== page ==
01 Aug Jay Ajayi, Edgerrin James, and the Outside Zone
Putting players in the best position to succeed is the purpose of coaching. Adapting the scheme to fit personnel is a quicker, straighter path to success than jettisoning players with unique skillsets. The Dolphins offense stumbled out of the gates in 2016. Adam Gase’s hurry-up attack introduced communication and execution issues. Rather than staying the course, Gase adapted his offense to fit his resources.
Tom Moore was the architect behind the Colts dynamic offense from Peyton Manning’s rookie year, until his last as a Colt. The stretch-run scheme opened up massive lanes in the play-action passing game from both the shotgun and under center.
Clyde Christensen served as Moore’s apprentice from 2002-2010 in Indianapolis. With 20 years of coaching experience, Christensen was Gase’s first choice to be his number two in Miami. Among Gase’s many impressive qualities, trusting the advice of his staff might be his best.
The Dolphins were 1-4 with no answers for opposing pass rushes. The protection assignments were frequently blown and little room was created on running plays. That fourth came at home to the Tennessee Titans. Quarterback Ryan Tannehill was abused behind the likes of Billy Turner and Dallas Thomas along the Miami line.
Following the defeat, the axe of accountability was swung by Gase has he cut Turner, Thomas and reserve lineman, Jamil Douglass. Scraping the tempo-based offense, Gase solicited the help of Christensen and sophomore tailback, Jay Ajayi.
Ajayi responded with consecutive 200-yard rushing performances. As the ground game excelled, Tannehill flourished. Utilizing play-action and boot-legs, the Dolphins quarterback found a comfort zone, posting a 104.7 passer rating during a six-game winning streak.
That brand of complimentary football started with Ajayi punishing opposing defenses. His slashing, downhill style was a perfect fit for a zone-scheme – something Christensen was familiar with for decades.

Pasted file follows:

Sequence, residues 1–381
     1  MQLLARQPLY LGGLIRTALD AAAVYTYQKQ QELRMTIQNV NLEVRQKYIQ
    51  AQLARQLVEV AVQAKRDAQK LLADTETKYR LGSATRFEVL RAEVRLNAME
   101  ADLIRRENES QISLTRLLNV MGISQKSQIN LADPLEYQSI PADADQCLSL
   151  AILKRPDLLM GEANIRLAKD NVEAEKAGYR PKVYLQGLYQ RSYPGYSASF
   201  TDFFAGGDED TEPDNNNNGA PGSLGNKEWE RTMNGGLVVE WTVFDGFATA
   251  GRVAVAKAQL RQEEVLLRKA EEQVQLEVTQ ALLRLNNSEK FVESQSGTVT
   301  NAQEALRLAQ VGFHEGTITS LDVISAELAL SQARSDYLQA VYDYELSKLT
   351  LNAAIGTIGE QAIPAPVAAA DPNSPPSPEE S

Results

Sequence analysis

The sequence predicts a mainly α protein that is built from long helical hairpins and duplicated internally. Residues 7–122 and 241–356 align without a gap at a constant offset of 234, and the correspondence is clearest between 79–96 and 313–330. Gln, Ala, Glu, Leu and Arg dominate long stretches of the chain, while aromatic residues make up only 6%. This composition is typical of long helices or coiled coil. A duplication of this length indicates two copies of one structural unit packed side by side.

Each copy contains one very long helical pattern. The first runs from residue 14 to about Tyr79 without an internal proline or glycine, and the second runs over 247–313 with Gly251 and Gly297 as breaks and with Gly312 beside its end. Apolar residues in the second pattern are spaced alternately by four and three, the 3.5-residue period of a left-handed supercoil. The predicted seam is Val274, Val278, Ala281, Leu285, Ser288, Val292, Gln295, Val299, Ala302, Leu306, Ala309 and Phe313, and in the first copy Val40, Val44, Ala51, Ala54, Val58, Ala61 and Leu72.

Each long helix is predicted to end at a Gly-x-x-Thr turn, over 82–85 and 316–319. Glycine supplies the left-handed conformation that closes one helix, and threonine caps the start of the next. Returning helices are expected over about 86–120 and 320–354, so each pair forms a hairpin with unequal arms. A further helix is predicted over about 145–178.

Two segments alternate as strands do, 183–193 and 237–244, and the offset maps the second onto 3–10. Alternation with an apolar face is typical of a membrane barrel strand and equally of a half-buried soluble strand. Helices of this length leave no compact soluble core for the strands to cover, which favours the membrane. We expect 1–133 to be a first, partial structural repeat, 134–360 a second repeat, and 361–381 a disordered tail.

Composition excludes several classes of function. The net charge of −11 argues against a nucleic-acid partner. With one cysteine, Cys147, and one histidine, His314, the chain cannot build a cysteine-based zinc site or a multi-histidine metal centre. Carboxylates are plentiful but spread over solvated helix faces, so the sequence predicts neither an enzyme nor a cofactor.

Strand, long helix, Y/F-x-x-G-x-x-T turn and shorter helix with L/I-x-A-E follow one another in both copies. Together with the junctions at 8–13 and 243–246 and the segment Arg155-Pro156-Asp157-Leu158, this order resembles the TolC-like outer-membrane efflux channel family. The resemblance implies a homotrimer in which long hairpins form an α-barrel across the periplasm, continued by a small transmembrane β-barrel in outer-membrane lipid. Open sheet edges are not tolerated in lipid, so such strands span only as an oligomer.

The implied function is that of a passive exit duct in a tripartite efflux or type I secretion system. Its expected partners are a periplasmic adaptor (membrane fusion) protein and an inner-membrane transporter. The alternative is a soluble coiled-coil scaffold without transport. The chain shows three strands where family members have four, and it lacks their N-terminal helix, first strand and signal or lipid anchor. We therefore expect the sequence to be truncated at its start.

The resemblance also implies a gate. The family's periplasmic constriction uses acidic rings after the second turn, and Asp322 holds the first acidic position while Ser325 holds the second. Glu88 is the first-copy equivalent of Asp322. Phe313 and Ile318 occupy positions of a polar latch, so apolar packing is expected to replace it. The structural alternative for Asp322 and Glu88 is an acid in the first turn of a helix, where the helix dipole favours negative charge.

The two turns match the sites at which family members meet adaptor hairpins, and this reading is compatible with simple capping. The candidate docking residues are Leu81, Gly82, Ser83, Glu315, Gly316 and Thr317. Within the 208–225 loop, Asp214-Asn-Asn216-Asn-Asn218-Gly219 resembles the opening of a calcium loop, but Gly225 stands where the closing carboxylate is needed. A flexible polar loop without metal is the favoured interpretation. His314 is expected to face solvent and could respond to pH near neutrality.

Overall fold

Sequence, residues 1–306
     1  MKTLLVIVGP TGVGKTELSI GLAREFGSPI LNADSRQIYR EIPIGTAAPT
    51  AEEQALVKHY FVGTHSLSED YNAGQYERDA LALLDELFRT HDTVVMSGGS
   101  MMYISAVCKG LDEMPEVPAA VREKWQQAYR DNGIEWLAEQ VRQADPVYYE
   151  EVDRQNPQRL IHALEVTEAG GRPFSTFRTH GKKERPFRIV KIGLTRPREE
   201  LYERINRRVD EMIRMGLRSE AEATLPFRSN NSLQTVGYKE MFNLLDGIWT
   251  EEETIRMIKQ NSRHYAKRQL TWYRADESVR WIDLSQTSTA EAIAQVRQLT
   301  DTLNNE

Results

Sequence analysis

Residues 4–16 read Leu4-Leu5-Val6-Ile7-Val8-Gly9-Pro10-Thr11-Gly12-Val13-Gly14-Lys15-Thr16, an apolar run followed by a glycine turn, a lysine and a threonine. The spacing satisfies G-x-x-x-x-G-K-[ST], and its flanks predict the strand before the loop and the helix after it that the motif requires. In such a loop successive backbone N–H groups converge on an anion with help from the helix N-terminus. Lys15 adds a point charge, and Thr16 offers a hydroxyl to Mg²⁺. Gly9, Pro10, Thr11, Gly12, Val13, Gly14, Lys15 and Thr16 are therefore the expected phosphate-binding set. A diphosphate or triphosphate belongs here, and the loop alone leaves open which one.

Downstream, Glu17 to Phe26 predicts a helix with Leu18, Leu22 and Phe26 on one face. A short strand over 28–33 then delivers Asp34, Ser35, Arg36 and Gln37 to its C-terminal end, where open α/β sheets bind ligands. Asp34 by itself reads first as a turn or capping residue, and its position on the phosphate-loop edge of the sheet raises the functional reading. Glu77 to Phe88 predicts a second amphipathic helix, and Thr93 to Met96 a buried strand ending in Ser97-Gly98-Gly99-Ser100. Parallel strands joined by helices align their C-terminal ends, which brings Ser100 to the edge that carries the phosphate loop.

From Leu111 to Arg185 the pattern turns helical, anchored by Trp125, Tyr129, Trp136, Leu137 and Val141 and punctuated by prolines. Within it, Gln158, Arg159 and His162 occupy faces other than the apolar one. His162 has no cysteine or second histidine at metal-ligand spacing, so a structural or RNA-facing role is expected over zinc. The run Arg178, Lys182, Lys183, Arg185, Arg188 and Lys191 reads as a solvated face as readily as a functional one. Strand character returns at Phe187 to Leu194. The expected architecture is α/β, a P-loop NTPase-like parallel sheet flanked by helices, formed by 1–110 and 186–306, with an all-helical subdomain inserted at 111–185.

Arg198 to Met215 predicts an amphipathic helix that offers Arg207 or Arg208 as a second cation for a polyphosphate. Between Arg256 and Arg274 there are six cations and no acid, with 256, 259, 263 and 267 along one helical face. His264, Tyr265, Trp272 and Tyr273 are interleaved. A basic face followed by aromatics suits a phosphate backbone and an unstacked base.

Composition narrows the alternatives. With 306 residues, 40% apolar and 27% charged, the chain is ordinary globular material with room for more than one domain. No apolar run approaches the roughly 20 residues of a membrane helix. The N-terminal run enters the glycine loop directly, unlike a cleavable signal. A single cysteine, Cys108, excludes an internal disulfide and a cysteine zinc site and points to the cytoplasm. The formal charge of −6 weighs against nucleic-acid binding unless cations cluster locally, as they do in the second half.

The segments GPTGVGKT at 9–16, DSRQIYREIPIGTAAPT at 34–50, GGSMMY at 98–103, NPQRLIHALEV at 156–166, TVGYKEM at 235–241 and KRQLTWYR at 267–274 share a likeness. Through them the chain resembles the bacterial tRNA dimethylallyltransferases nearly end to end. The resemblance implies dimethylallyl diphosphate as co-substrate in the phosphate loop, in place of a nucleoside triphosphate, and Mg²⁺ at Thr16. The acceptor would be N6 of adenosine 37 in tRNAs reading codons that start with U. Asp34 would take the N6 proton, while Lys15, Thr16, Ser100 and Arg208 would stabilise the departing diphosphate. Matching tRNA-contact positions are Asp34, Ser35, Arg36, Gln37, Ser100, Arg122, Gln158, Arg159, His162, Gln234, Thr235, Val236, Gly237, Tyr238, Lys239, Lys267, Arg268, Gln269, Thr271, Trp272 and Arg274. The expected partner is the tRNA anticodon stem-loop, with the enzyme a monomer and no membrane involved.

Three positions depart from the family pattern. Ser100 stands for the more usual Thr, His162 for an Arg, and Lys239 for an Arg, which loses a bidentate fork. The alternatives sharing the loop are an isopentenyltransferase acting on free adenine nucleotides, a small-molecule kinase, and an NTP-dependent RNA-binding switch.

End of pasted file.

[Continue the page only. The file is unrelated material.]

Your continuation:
The principals of a zone blocking scheme are simple:
– Every lineman flows the same direction in unison
– Continuity, technique and athleticism trump size and strength
– The back stretches the defense horizontally before picking a hole and getting up-field.
In a zone scheme, there are no individual match-ups. Every alignment, twist, stunt, you name it, is accounted for in the same manner. The runner has to excel at decision making and lateral movement without slowing down – two of Ajayi’s fortes.
Before Ajayi could get his wheels churning, the Dolphins ran through the tailback gamut. Desperately seeking a bell-cow, Gase featured Arian Foster, and split backup duties between Ajayi, Kenyan Drake, Damien Williams and Isaiah Pead. The highest single-game rushing total of any of these backs was 42 yards (Ajayi vs. Tennessee.) His highest total narrowly eclipsed Arian Foster’s 39 rushing yards on opening day in Seattle.
While the first five weeks of the season showcased a variety of running styles, outside zone was hardly the staple.
The first running play of 2016 was an inside zone play. Notice all of the linemen moving in the same direction with their first step with a crack back coming across the formation. This design seals the backside and allows for the elongated exchange.